As I write this on my way to work (thanks to the Blackberry), I really am finding it difficult to place where my emotions stand exactly between anger, disgust, emptiness, helplessness, denial; especially when I think of those who met horror deaths on Sunday via the Dana Air crash. I read the papers, and as the writers try to provide insights into the victims when they were alive, as they talk of the fact that Mr. Ajuonuma bought a late ticket; that the Anyenes were a couple that exhibited how inter-religious marriages are not always a sob story, that Mrs. Dike just wanted to ensure that her son (who also died in the crash) gets all he needed to be better than her; all I can pick up is that, in the lines of Elton John, like candles in the wind, the lights of the 159 plus people who died from the crash had been blown out way too quickly, their destinies abruptly terminated, their stars burning out and fading like comets. I cannot exactly say I know what they feel – I have suffered the loss of someone close to me, but it was not in this same circumstance; we sort of knew it was coming – but one can imagine the horror, the pain, the sense of finality, and then, the anger that those left behind would be feeling, some of whom have now become widows, widowers, fatherless, orphans. Both high and low in society, they are now bound by a common cloak – black – occasioned by a common pain. My thoughts and prayers go out to them, for the good Lord to soothe their pain with His Balm in Gilead, and give them a reason to smile soon enough.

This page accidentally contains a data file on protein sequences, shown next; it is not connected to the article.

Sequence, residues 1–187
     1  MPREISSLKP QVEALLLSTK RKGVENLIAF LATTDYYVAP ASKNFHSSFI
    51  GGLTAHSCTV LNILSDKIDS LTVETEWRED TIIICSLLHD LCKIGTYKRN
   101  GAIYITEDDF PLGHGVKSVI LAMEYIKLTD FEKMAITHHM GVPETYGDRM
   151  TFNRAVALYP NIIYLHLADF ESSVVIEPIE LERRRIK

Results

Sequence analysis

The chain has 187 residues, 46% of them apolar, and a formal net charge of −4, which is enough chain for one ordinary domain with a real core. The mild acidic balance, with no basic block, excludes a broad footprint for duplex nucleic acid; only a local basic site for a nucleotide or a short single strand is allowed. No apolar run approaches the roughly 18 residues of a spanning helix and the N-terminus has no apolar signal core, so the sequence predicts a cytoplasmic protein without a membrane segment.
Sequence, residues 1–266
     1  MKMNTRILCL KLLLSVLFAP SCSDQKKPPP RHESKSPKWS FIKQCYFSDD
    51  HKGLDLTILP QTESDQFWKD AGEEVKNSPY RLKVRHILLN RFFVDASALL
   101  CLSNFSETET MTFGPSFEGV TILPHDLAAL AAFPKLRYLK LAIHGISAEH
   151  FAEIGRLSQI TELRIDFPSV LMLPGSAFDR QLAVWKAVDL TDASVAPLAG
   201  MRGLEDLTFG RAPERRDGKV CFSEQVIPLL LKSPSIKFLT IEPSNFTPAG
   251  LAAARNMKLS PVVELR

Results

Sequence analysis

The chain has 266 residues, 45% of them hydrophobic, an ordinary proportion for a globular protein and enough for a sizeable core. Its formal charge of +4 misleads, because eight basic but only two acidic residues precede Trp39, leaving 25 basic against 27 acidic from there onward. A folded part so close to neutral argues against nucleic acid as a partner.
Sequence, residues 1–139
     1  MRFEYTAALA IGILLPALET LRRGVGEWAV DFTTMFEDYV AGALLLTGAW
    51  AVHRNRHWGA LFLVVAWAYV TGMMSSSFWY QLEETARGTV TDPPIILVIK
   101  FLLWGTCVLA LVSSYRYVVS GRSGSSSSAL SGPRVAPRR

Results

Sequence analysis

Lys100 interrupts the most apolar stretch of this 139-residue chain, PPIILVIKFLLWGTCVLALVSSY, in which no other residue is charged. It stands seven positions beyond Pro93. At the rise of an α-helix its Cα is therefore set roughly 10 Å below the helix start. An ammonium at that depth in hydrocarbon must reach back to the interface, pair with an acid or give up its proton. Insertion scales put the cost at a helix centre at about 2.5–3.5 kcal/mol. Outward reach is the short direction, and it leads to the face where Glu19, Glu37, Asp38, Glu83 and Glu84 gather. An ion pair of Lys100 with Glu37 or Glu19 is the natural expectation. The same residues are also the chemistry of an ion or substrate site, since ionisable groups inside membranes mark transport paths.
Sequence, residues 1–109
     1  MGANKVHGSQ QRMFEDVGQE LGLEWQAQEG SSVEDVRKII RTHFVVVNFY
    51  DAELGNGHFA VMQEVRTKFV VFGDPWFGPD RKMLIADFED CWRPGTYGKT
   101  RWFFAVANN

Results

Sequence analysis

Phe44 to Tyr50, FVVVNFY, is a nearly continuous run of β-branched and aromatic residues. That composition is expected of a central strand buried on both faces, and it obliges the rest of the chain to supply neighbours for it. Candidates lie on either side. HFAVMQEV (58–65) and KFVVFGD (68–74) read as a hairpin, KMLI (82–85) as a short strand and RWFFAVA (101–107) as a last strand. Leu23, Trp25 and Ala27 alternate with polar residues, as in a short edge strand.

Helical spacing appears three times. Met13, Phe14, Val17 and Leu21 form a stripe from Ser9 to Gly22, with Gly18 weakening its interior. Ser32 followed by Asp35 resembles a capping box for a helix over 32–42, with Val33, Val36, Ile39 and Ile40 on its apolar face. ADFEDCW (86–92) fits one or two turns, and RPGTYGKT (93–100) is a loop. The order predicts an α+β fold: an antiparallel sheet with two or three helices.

As we try to cope with this national tragedy, I have also witnessed something I’d like to think as sinister. Online and traditional media that have carried the story of the crash are now implying that these deaths were unnecessary and could have been avoided, had the management of the airline been more interested in the state of their planes and the lives of the passengers, than in turning a profit. Those 159 plus Nigerians would not have suffered such a horrible fate had the administration of our aviation industry been more interested in ensuring the safety of the hundreds of thousands of Nigerians who fly on a weekly basis, rather than in indulging in corruption and a lax monitoring of the extent of compliance of airline operators to international safety standards. Those 159 plus Nigerians would still be alive today had some people been more concerned with the public good than they were with keeping their jobs. It is sad and disheartening to know that we are more likely to declare days of mourning, fly the flag at half mast, and send consolation messages, than we are to conduct an inquest into the state of the aviation industry and weeding out the players who are not serious about safety. It is disgraceful that the Minister for Aviation still has a job, even though history serves her well, as her predecessor who ‘oversaw’ the ghastly Sosoliso and Bellview crashes in 2005 and 2006 still had a job in the midst of public outcry for his head. But ultimately, the buck stops at a certain doctor’s table, who unfortunately for himself – and can I dare say for many Nigerians as well – finds himself saddled with the title of President and Commander-in-Chief of the Armed Forces of the Federal Republic of Nigeria.